Coordinator helps people find their niche
The Retired and Senior Volunteer Program helps individuals 55 and older put their skills and life experience to work for their communities. More than 450,000 seniors participate in RSVP, making it one of the largest volunteer efforts in the nation.
Volunteers serve from a few hours a day to 20 hours a week, doing just about everything. They tutor students, renovate homes, plant gardens and program computers. However they choose to serve, RSVP volunteers meet community needs and make a lasting difference.
For 25 years, RSVP has matched problems to be solved with people willing to help. In Carson City, the key person responsible for coordinating more than 160 volunteers is Peg Wolfe.
“Just to get people off the couch and out of the house to volunteer is hard,” said Wolfe. “And we can always use more volunteers.”
Joyce Loyd, who has volunteered about 18 months, says her volunteer time is a steady 10 hours a week. But if Wolfe needs her for spot jobs, she tries to make herself available.
“I have one home companion I visit every Wednesday,” said Loyd. “Plus I volunteer at the library.
“I retired two years ago while my husband and I were living in Riverside. He retired in 1982. After moving to Carson City, I needed something to do because I had worked all my life. I wasn’t used to just sitting around.
“I had gone to the library – I like to read – and they told me about RSVP. I’ve told others to contact RSVP, there are so many things they could be doing. So many people tell me, ‘I guess I could do that,’ but, I’m not sure they have. They just need to get out and do it.”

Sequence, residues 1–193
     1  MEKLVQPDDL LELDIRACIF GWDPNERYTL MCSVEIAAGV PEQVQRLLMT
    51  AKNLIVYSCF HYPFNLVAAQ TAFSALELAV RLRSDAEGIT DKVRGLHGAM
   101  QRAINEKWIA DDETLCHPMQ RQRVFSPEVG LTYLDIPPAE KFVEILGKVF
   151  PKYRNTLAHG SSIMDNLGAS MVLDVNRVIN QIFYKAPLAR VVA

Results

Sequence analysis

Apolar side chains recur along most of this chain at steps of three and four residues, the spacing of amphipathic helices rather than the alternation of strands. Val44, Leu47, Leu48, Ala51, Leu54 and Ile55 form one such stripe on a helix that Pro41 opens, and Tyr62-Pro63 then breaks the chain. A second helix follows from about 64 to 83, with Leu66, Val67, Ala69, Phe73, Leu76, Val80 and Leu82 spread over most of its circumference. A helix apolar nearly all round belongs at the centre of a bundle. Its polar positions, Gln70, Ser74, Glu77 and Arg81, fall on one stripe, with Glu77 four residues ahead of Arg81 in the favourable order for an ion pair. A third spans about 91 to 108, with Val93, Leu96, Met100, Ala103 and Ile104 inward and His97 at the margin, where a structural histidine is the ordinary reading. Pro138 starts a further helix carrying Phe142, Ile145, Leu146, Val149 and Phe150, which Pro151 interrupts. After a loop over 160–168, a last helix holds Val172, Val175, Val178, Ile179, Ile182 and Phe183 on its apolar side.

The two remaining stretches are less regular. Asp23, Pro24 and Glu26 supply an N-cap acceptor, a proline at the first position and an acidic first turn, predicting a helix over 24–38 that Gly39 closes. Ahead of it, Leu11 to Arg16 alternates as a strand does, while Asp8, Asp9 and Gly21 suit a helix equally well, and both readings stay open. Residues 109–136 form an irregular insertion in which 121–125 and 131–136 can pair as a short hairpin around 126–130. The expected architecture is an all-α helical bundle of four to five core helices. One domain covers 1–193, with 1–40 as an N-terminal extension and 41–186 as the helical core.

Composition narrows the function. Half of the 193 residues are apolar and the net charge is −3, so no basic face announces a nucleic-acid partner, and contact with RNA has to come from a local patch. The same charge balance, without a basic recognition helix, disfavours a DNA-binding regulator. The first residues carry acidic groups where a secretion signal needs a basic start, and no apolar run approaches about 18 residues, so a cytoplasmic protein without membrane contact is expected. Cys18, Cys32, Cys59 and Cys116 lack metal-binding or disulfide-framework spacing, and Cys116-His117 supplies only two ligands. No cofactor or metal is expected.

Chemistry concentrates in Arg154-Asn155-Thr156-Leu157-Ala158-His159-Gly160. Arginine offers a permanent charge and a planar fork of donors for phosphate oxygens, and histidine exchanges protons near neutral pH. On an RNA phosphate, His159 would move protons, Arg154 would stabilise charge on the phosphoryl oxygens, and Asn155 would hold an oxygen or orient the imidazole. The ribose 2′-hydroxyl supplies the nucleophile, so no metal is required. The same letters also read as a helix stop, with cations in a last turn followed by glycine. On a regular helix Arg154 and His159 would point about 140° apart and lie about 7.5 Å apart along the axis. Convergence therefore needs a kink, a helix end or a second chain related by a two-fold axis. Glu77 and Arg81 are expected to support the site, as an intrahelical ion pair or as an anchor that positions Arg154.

Wolfe noted most of the women who volunteer are widowed. She said they have time on their hands.
Wolfe, herself married for 50 years until the death of her husband three years ago, works Monday through Wednesday at the RSVP office and at the Medicaid office on Thursdays. She rarely forgets to thank those who help her out.
“We have a nice crew here today,” said Wolfe, glancing over the 15 or so volunteers helping with USDA Food Commodities distribution at the Carson City Community Center gymnasium.
“Ray Slope, one of our volunteers, is one of those angels without wings. He will do absolutely anything he can to help someone. He also drives the van to Reno on Wednesdays to take people to their medical appointments.
“One day a woman who is blind came in for her commodities and had to wait for a ride home. After she sat for more than two hours, Ray finally just took her to her home himself.”
Volunteers choose how and where they want to serve. Many have continued the type of work they enjoyed earlier in life and others try something completely different. Areas of volunteering include mentoring at-risk youths, teaching English to immigrants, organizing neighborhood watch groups, helping people recover from natural disasters or making hospital visits.
“Mel Renouf here, he’s 88 years old and has two artificial knees that have a mind of their own, but he’s here every time helping me out,” said Wolfe.
Volunteers receive an orientation and appropriate on-the-job training. While on duty, they also receive insurance to cover on-the-job activities. RSVP serves nonprofit businesses like public schools, government offices, charitable organizations and Home Companion work.
RSVP has helped seniors stay active and involved with their community. It is a useful way for them to give back to their community after their community has giving them so much. Staying active helps people live longer, healthier and more fulfilling lives.
“I call my volunteers the Monday before distribution day to remind them and they tell me, ‘I know what day it is.’ They don’t have to be reminded. They look forward to helping out. These volunteers are the best.”